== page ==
BUT, I had a baby with a deformed mouth that couldn't suck. This was my first experience with anything like that. I helped it get on the teat the first time and it really tried, but it just couldn't get a suction. I've always read and it has been my experience that kids won't live more than about 24-48 without nursing. In fact, that the first hour is critical for them to get their first dose of colostrum. So, I was expecting him to pass away fairly quickly and decided to let nature take it's course. Well, this baby was born Saturday night and was still alive yesterday afternoon. He was so pitiful and sad, crying and walking around, but he totally gave up even trying to nurse. I couldn't believe that he lasted that long and it was just killing me watching him suffer. I discovered that he was drinking out of the water bucket, so I tried to get him to drink milk out of a bowl, but he wouldn't do it. Yesterday, I finally had my brother take him away and put him down.

This is the worst thing about farming - making life/death decisions for the animals.

Would any of you goat people have done anything differently? Do you have any insight into what causes the deformity? I've been calling it a cleft palate, but I'm not really sure that's accurate because I didn't feel a "cleft". It's just that his mouth was smaller than normal and his nose was smashed over to the side with just one nostril. His top palate was very thin. The best way to describe what he looked like was a little old man with no teeth, you know, how the lips kind of cave in?

He's from a fantastic Nubian milker dam. But, obviously, even if I'd been able to save him, I wouldn't be able to breed him or sell him and I don't know if he'd be able to eat solid food. I had bought a new Nubian buck this past summer, so this was my first batch of kids from him. I hope it's not something that is in his genes.
I had a kid born like this a few years back. It was fascinating and horrifying... mine was more deformed than your descfiotion of yours sounds. There was truly no helping this poor critter. I ended up taking the carcass over to my local college to try to find out why this happened and wasn't able to get an answer. They froze the body for dissection though.
 

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Discussion Starter #7
So sorry! I feel your pain. I can't do the deed myself either. If my hubby is out of town, I'll call my son or a neighbor farmer. That being said, not here to judge how you handled it. As far as the cleft goes, I've read different things. My most trusted source says it is heredity. So maybe breeding this Doe with a different buck would lessen that risk of it occurring again.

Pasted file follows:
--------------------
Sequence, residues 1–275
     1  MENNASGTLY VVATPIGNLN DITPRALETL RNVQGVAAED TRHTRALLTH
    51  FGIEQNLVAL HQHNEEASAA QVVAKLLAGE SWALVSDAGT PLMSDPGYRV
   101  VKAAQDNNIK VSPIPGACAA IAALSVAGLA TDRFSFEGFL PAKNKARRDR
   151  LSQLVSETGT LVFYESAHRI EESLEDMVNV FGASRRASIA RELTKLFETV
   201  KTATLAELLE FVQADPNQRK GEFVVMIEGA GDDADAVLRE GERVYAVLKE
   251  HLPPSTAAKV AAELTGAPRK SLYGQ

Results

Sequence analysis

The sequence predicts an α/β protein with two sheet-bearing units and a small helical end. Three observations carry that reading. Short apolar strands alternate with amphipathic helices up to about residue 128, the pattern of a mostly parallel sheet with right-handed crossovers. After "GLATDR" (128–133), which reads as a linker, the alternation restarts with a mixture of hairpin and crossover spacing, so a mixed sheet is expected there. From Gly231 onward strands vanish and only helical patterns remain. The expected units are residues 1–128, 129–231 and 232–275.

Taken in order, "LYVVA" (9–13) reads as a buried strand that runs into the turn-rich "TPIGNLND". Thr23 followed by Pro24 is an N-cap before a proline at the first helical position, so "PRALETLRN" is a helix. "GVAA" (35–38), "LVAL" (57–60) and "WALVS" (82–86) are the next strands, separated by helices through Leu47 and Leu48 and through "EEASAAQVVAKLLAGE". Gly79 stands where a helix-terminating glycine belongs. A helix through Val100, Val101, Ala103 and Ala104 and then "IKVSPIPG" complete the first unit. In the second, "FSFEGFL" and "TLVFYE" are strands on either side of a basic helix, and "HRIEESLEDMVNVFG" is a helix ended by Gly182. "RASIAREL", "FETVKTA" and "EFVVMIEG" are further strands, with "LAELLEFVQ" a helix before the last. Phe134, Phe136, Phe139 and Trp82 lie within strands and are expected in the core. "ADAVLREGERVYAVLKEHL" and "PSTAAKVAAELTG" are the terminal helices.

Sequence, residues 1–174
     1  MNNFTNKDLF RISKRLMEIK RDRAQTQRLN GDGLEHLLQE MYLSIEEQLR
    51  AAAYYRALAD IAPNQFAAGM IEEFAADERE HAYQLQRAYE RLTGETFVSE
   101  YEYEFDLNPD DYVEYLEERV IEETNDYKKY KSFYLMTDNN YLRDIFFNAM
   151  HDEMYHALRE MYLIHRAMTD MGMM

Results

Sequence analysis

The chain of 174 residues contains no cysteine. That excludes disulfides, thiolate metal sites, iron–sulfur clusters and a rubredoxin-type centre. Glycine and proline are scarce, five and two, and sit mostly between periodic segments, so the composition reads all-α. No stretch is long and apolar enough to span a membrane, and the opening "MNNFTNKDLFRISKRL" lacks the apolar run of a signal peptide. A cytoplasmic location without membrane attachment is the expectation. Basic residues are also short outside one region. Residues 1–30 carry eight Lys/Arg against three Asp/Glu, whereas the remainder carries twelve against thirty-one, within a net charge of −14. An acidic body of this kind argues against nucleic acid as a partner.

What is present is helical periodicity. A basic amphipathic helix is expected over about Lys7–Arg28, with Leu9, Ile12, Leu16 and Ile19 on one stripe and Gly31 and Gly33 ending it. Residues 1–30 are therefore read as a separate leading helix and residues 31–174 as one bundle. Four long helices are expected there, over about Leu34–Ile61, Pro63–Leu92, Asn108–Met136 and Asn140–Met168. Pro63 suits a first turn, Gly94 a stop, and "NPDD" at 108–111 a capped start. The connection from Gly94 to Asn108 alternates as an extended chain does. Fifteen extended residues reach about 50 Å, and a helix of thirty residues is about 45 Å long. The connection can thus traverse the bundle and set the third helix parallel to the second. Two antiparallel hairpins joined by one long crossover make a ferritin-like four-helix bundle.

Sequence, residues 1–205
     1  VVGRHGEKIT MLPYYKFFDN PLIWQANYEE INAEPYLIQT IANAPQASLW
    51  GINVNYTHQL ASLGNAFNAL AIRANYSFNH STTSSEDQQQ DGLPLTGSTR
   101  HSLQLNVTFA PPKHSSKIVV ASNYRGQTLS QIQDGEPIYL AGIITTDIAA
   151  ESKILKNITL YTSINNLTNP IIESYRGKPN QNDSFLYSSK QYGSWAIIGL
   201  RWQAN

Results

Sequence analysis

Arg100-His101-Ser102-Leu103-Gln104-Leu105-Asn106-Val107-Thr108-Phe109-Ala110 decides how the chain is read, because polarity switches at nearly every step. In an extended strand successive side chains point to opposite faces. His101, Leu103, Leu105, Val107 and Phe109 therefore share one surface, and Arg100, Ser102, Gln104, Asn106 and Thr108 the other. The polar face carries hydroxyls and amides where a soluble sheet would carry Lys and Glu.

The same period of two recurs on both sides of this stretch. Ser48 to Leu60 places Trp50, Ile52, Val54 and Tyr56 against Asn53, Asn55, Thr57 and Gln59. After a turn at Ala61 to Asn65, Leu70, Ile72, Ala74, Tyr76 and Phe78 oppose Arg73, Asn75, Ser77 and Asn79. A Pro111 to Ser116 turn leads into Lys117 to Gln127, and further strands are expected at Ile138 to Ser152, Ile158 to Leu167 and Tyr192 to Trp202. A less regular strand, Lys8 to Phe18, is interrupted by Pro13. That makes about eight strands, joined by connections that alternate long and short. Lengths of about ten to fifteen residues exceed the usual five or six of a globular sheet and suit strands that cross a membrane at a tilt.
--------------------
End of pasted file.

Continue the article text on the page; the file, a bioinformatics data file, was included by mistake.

My husband read something about that, too. Something about a particular doe and a particular buck's genetics will produce that. If that's the case, I'll be very disappointed. I don't want to search for another buck since I just bought this one last summer. And I don't want two nubian bucks since I do also have a Kinder buck. Ugh.
 

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If the goats were getting full nutrition, not exposed to toxic elements, I would most likely call it a fluke. Was the other twin fine? Birth defects can happen at random, it doesn't necessarily mean it's genetic just he lost the genetic lottery that time.
Yes, all other kids sired by this buck are normal, including the twin. I'm second guessing it because this is a new buck and we never had this with our previous Nubian buck. I'm really hoping for what you said...just a random birth defect. All the mothers were getting the same nutrition and browsing the same pastures they always have so I'm just assuming they didn't get into anything toxic.

Thanks for your reply.
 

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I had a kid born like this a few years back. It was fascinating and horrifying... mine was more deformed than your descfiotion of yours sounds. There was truly no helping this poor critter. I ended up taking the carcass over to my local college to try to find out why this happened and wasn't able to get an answer. They froze the body for dissection though.
Aw. I just hate it when there is something wrong with the kids. I always breath a sigh of relief when all the kidding is done and everyone's healthy. Last year I had a doe kid outside in the cold rain. I have no idea why she didn't go in her shelter. I usually bring the girls into the barn when they get close to their due date. But last year, I miscalculated that particular one and she lost her twins. One was already dead when I found it and the other one was so cold and weak that it never did get enough strength to get up, despite all my efforts.